So what can you do? When you’re divorced, working full time, juggling bills and trying to stay afloat? When you live miles from your own parents, and they’re off enjoying their retirement in Colorado anyway? You need to deliberately widen your parental influence, and do it early. Early as in before your child is 10 (see my previous post or/and read an excellent book called Parenting Beyond Your Capacity). In a world where phone contacts average in the hundreds and Facebook friend lists reach 1,000+ , you might think your child has plenty of people to turn to, right? Wrong! I mean, right…except they aren’t the people you want advising your child on important things like drinking, grades and boyfriend issues.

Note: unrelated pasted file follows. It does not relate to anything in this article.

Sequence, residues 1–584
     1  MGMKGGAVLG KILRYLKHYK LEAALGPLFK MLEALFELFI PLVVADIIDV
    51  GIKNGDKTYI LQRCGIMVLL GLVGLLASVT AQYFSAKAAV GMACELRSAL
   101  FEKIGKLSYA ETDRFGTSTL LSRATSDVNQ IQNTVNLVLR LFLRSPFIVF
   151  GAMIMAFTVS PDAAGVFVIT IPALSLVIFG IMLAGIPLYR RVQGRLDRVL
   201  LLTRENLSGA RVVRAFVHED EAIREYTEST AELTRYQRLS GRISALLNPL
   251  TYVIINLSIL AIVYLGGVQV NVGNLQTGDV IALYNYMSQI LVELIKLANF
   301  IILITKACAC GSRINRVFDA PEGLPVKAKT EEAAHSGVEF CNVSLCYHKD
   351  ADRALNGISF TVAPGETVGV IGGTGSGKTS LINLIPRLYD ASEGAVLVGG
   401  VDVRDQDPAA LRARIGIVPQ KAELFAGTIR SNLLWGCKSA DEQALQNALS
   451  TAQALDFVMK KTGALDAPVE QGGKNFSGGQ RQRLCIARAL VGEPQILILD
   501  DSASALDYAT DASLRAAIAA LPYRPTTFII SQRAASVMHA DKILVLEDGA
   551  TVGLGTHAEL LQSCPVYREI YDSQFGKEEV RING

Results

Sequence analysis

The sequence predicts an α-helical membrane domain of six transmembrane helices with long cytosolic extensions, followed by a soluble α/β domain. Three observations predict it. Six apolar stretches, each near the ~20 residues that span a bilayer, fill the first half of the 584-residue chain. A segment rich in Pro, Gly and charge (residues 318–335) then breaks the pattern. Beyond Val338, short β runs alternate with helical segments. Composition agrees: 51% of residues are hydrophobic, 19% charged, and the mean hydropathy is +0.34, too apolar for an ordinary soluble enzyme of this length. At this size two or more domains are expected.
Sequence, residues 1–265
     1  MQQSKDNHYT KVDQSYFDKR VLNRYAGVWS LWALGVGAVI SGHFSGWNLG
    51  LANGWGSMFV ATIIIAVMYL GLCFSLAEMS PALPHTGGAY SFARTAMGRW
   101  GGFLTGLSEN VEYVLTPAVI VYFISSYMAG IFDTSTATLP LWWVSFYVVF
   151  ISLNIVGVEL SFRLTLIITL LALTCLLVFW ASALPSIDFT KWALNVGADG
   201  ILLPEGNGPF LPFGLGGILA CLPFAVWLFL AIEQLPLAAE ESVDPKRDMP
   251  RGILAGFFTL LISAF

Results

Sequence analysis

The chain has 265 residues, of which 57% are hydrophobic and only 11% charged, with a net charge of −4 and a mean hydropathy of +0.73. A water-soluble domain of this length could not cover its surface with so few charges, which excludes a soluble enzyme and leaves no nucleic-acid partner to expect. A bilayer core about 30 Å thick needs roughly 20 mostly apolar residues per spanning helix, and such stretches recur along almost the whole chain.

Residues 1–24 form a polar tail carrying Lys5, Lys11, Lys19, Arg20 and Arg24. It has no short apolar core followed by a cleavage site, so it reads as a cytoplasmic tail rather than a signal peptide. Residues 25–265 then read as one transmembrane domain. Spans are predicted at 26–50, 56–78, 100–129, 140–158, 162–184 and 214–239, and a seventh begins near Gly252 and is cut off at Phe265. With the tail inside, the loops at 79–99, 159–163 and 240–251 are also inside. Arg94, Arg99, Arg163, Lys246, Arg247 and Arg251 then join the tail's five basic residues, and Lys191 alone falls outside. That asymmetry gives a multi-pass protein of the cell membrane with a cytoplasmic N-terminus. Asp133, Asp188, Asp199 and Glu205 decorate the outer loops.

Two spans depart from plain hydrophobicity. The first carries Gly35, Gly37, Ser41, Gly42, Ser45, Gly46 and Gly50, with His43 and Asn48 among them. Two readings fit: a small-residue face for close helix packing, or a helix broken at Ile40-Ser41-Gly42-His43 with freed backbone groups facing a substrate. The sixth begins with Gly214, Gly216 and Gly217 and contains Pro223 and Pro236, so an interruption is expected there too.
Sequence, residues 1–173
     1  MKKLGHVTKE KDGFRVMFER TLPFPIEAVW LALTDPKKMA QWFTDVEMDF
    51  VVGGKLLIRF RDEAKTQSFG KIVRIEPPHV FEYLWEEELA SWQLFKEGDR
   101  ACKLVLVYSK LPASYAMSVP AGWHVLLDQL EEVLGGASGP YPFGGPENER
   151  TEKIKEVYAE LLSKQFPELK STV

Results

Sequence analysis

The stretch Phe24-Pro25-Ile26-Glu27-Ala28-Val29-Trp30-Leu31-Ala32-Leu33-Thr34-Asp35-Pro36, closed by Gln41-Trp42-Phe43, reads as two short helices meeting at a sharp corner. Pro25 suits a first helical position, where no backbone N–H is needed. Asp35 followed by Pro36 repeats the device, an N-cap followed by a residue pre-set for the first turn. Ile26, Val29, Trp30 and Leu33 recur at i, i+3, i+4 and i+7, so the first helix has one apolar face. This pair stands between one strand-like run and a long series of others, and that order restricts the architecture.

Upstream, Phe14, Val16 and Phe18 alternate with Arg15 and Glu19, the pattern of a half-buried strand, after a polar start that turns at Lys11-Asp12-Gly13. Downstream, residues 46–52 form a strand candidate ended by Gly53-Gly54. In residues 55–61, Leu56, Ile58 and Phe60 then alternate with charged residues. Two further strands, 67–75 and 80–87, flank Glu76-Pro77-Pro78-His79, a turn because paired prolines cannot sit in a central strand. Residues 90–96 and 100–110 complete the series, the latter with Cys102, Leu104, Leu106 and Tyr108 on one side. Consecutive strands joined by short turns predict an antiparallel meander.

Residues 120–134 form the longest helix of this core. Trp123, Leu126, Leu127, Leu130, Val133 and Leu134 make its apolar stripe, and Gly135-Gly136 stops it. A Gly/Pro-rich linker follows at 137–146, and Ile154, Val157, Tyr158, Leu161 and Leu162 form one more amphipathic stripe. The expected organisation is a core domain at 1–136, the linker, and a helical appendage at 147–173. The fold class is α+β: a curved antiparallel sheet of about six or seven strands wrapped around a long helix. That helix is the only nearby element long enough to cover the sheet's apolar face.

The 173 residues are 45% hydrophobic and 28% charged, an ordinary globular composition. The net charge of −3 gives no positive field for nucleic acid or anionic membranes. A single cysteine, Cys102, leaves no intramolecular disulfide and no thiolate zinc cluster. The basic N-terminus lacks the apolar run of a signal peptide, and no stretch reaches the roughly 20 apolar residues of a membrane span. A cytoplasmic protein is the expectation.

480202309_CHOSXPRT_xlargeSo, can you foster 5 meaningful, adult relationships for your child, before they are ten? 5 people that know your child’s dreams, know your child’s quirks, regularly attend your child’s events and mirror your values and beliefs? It’s not easy. Because many of us might not be able to name 5 trusted adults that we could even turn to for advice! But it’s absolutely necessary. And it’ll pay dividends later. Trust me.


Start with your own parents (your child’s grandparents). Hopefully, they are already willing participants in your child’s life. They take your child places and spend time with him/her. If not, find out why not and start making deliberate plans to change that situation, if it can and should be changed.